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Health Care UCSD and Children’s Hospital and Health Center reach an agreement to merge their pediatric programs

After more than a decade of talking, UCSD Medical Center and Children’s Hospital and Health Center reached an agreement to merge pediatric programs.

The agreement was signed June 21 at Children’s Hospital in Kearny Mesa.

The alliance will make Children’s Hospital the primary teaching site for medical students and provide access to UCSD’s 88 doctors, 77 interns, residents and fellows and top scientists.

Officials at both hospitals applauded the move.

“This historic agreement with the University of California, San Diego enables us to establish a fully collaborative enterprise excelling in patient care, teaching, research and community health,” said Blair Sadler, president and CEO of Children’s Hospital.

“This alliance will create the shortest bridge possible between medical research discoveries and the child’s bedside,” said Dr. Edward Holmes, UCSD Vice Chancellor for Health Sciences.

To date, Children’s Hospital and UCSD receive about $20 million in total research funding, Holmes said.

Given the “strengthened union” resulting from the merger, he anticipated research funding could rise by 15 percent every year.

There will be no layoffs resulting from the planned Aug. 1 closure of UCSD’s pediatric unit, Sadler said.

The 46 nurses and other support staff affected by the closure have been encouraged to apply for jobs at Children’s Hospital, he said.

Most of the pediatric staff, however, said they will stay at the UCSD Medical Center in Hillcrest, said Leslie Franz, a UCSD spokeswoman.

On Aug. 1, all children at the 19-bed pediatric unit at UCSD will be transferred to Children’s Hospital, said Sadler.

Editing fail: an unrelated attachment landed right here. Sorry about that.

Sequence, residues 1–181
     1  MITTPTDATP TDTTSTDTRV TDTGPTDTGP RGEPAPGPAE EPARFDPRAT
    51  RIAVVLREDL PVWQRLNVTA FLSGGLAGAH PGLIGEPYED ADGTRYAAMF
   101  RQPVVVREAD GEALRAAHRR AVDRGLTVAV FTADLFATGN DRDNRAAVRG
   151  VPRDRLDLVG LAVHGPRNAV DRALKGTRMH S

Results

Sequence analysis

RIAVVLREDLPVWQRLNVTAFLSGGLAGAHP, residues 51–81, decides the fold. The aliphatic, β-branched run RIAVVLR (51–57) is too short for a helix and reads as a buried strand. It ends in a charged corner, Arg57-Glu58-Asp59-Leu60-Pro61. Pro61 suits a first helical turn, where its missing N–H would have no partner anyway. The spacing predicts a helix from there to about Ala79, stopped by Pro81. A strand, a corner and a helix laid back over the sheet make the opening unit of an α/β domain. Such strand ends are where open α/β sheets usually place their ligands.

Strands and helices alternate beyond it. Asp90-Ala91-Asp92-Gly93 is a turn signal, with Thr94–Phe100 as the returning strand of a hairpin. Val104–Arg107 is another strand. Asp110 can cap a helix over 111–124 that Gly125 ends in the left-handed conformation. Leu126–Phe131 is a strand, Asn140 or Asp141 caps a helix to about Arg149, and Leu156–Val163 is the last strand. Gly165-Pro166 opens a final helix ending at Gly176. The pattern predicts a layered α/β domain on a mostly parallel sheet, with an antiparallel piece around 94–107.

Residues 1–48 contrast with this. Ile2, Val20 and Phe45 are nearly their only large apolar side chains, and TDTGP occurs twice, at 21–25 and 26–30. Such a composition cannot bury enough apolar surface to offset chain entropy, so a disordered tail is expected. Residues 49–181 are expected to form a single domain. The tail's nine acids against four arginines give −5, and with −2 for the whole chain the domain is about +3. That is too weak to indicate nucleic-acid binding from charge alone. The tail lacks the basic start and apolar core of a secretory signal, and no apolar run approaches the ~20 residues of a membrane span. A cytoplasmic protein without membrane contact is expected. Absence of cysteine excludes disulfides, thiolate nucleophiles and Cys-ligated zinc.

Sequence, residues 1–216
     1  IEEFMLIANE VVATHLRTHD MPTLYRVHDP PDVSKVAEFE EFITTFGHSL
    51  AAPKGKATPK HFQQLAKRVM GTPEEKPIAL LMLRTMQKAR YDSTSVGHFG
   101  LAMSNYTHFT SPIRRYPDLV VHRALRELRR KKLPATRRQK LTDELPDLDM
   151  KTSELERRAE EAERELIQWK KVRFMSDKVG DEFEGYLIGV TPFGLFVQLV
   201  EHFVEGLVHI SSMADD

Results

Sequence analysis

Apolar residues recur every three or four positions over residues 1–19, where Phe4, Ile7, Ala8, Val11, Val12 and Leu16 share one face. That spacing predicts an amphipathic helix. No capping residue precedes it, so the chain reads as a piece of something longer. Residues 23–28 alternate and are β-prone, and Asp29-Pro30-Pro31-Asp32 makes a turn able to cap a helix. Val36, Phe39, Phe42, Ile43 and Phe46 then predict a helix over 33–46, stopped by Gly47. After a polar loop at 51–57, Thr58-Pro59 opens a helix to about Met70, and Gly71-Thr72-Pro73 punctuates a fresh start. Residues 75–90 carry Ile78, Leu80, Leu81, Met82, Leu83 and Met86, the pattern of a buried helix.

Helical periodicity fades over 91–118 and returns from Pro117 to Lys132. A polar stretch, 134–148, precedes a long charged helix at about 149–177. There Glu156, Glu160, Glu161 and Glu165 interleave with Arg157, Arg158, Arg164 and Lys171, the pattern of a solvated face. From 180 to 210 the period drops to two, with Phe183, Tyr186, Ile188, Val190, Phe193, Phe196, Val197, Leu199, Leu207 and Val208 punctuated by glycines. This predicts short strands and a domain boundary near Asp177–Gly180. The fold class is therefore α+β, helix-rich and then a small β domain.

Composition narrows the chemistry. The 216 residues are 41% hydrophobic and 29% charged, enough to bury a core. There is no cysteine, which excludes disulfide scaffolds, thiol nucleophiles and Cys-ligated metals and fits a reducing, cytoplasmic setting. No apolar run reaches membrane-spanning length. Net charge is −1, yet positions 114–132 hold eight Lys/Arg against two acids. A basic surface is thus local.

Sadler rejected concerns the move may not be in the best interest of all patients.

“No child that is at all seriously ill will have trouble getting to Children’s,” he said.

Children’s has a special van equipped like a mini-hospital to transport critically ill patients, Sadler said.

Children’s is also working with city officials to develop better bus routes from UCSD to Children’s Hospital, he said.

Under the agreement with Children’s, UCSD will retain its 40-bed neonatal intensive care unit, emergency services, burn unit and renal dialysis patients, Sadler said.

Pediatric cardiology, intensive care, endocrinology, oncology, infectious disease, allergy, primary care and general surgery will move to Children’s over time.

UCSD pediatricians and Children’s doctors, however, will be working more closely than ever, he said.

Dr. Michael Segall, president of the 100- member Children’s Specialists of San Diego, the majority medical group at Children’s, applauds the integration.

He said several UCSD doctors have recently joined his medical group and hopes others will follow.

In the past, doctors expressed concern over the division of specialty care among other problems.

“There have been some rivalries in the past,” Sadler said, adding, “What’s exciting about the future is that most of those rivalries have been put behind us.”

Still, questions remain.

There is the financing of the planned construction of a pediatric research facility on the Children’s Hospital campus.

Under the terms of the agreement, Children’s will continue to be financially responsible for available beds, buying equipment and other operating costs, Sadler said.

UCSD will share the cost for the new research building and the recruiting of faculty, scientists and medical personnel, he said.

Over the years several merger proposals have failed to happen.

In November, the UC Board of Regents and Children’s board of trustees approved a tentative agreement, which is similar to the final agreement, Sadler said.

Sadler and Holmes declined to comment on merger costs or savings resulting from the consolidation of the pediatric units.


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